• It’s easier to understand what the organization wants and do those things to be rewarded, than trying to change it. You can fulfill that need for craft and personal projects elsewhere.
  • He had to define his own job description. Write it down, what you think you’re supposed to be doing, and make sure your manager is aligned. Then write down what the next level is, and make sure you’re all aligned in that direction.
  • Important skills: understanding who the people are, what they value, and how the organization makes decisions.
  • You know you’re growing when you feel pain or embarrassment.
  • As Staff, a lot of people will look to you to solve problems or have an opinion on something. You should be able to say when you’re not the right person, and point to someone else.
  • It’s isolating to be Staff. And you usually hesitate to ask for help. Don’t. Ask for help!

Anita Lillie

  • Even if we did have examples to look up to for successful ICs, they would probably all look different from each other and it would be a challenge to generalize.
  • Necessary skills:
    • Think about solutions as systems, not only a single surface or one-off.
    • How does the work fit within the context of the business and industry you're in.
    • Negotiating and influencing people across the company at different levels and roles.
      • Put yourself in xfn shoes to understand what motivates them.
      • Involve people in the conversation to arrive at a solution where they all feel ownership.
  • If you like money, honestly, be a manager.
  • She uses 20% of her time to do work as a specialist (data viz) and 80% doing normal product design work.
  • She knows she's getting better when she looks at past work and can see it's bad.
  • Levels are useful to signal authority. In her case, as a young female, a lot of biases count against her if she doesn't position herself as an "accredited leader".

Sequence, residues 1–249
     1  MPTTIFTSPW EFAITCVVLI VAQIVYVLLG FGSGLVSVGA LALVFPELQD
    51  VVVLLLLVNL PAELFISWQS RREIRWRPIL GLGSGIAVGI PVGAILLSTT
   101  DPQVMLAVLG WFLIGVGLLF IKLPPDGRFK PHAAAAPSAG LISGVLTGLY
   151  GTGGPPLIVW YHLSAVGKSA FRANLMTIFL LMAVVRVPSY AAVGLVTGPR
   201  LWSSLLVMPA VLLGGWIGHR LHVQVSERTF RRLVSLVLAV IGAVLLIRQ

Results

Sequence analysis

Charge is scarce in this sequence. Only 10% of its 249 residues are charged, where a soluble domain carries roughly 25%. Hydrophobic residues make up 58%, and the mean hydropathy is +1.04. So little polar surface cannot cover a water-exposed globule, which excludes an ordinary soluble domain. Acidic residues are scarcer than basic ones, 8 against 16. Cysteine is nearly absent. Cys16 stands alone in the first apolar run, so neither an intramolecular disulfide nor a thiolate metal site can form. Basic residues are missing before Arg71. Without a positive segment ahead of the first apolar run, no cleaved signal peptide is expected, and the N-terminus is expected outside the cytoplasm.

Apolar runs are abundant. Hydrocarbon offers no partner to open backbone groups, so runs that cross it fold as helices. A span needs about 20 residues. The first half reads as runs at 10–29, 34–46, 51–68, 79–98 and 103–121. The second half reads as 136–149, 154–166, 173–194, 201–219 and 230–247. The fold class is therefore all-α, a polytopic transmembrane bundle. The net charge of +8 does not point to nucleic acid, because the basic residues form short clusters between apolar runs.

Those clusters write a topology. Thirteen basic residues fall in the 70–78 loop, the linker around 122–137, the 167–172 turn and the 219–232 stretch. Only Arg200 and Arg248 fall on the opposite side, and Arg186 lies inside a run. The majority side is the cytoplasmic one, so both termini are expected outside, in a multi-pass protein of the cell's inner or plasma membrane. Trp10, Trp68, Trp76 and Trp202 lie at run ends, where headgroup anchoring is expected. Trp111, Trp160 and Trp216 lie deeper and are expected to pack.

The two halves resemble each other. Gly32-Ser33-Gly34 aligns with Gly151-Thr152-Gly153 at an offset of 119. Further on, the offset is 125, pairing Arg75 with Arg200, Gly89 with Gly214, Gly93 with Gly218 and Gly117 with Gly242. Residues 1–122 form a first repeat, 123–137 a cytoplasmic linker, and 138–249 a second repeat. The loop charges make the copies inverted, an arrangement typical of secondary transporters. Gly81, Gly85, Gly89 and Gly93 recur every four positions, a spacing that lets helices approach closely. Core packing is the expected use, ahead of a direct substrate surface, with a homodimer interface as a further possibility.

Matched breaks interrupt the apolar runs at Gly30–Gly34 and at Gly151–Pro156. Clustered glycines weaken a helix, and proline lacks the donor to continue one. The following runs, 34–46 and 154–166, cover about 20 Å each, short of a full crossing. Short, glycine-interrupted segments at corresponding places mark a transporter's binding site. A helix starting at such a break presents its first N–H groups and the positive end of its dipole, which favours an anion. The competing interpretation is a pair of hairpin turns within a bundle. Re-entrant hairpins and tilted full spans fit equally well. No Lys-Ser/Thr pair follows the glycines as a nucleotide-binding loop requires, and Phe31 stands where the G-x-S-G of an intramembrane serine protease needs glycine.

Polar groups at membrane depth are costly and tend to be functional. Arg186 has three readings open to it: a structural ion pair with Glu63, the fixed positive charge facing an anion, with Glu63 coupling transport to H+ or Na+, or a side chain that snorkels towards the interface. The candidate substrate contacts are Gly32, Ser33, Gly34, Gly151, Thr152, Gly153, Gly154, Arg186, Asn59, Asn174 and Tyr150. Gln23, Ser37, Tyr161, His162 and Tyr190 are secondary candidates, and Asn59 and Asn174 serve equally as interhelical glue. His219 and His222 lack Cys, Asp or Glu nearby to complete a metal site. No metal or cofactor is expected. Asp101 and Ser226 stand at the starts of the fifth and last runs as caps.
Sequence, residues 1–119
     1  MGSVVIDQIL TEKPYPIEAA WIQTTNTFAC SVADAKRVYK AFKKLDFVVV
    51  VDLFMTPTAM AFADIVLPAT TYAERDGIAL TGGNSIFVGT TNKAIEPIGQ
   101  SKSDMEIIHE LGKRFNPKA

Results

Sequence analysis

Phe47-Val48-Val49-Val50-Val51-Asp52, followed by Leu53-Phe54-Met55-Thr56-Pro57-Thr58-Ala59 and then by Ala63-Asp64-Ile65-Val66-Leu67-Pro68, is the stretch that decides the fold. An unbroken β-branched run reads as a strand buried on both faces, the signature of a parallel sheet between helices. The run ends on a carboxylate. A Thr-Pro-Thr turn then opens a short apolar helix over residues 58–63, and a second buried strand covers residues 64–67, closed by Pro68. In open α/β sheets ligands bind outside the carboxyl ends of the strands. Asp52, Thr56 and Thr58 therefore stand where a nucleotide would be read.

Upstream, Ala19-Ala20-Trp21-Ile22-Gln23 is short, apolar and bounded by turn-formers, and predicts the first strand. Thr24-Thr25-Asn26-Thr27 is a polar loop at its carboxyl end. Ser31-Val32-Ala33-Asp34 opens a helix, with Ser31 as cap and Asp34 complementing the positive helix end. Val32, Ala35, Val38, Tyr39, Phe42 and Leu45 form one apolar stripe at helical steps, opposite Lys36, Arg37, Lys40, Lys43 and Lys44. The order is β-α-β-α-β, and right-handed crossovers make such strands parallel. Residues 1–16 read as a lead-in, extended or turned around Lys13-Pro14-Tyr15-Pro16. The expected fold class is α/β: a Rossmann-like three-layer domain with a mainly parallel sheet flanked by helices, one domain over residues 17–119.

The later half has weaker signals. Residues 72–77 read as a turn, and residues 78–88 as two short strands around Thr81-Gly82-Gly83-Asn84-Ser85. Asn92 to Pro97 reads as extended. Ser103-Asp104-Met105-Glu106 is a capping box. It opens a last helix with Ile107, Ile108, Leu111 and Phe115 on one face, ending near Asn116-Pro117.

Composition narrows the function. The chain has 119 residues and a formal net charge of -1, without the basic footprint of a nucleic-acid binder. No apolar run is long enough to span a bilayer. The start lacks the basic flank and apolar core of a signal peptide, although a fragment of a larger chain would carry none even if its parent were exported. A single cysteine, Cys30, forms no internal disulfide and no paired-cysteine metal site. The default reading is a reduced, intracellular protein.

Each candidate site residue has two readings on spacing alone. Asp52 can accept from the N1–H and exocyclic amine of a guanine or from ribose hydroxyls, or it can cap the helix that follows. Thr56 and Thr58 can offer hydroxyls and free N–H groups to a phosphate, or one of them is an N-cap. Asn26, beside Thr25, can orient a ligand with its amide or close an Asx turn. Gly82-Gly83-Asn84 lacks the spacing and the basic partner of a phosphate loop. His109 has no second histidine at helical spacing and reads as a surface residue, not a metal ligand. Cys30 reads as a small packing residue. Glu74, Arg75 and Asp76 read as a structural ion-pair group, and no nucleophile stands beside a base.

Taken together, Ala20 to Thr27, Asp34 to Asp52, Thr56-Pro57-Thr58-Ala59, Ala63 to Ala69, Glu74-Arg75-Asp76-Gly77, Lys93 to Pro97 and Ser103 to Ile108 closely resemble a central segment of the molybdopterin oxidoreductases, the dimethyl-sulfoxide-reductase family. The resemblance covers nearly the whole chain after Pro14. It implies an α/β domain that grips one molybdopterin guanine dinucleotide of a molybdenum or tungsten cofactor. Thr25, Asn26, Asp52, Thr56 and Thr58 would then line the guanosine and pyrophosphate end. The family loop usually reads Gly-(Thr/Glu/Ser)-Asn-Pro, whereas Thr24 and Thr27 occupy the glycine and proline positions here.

• Strict boundaries with work. No weekends, no extra hours.
  • Management and IC tracks are separate because the output you need from people is different. But a lot of the skills needed to achieve those outcomes overlap.
  • Director and VP levels can probably only be achieved via the management path.
  • Dr. Fauci is like a super-high IC. He's an expert in the space, not necessarily a people-manager.

Rasmus Andersson

  • Being and IC means focusing on 4 areas:
    • Problem: what needs to change and why?
    • Constraints: Options, tradeoffs, knowledge and questions that we haven’t answered yet.
    • People: What do customers care about?
    • Craft: Designers’ skills to be effective, efficient, and communicate their ideas.
  • Who do you want to spend time with?
    • As a manager, it will be coworkers. As a designer, it will be customers.
  • Powers you have as a Staff IC:
    • Experience with past things. Don’t use them as truths though, but as learnings and starting points.
    • Sense of quality
    • Intuition around cost
  • Like a furniture designer making a chair, a UI designer needs to know the materials.
  • Designing for devices (Android vs. Desktop vs. iPhone) is less productive than designing for behavior (short-term, portable experiences). Focus on the human.
  • It’s ok for companies to make money and get the most out of their employees. The more interesting conversation is about the internal experience of the individual: Are you learning?

Karla Mickens Cole

  • She enjoys mentorship. Apparently some people do, some people don’t, and that’s ok.
  • After becoming a mom, she is much more disciplined with time. Declines meetings after 6pm. Walk out the door means she’s done with design.
  • “I don’t breathe, sleep, and think about all things design all the time.”
  • When you join a company, the interview stops. Your ideas should be recognized regardless of your title.

This website was built using Obsidian, Eleventy and Vercel.
The text is set in Untitled by Klim Type Co.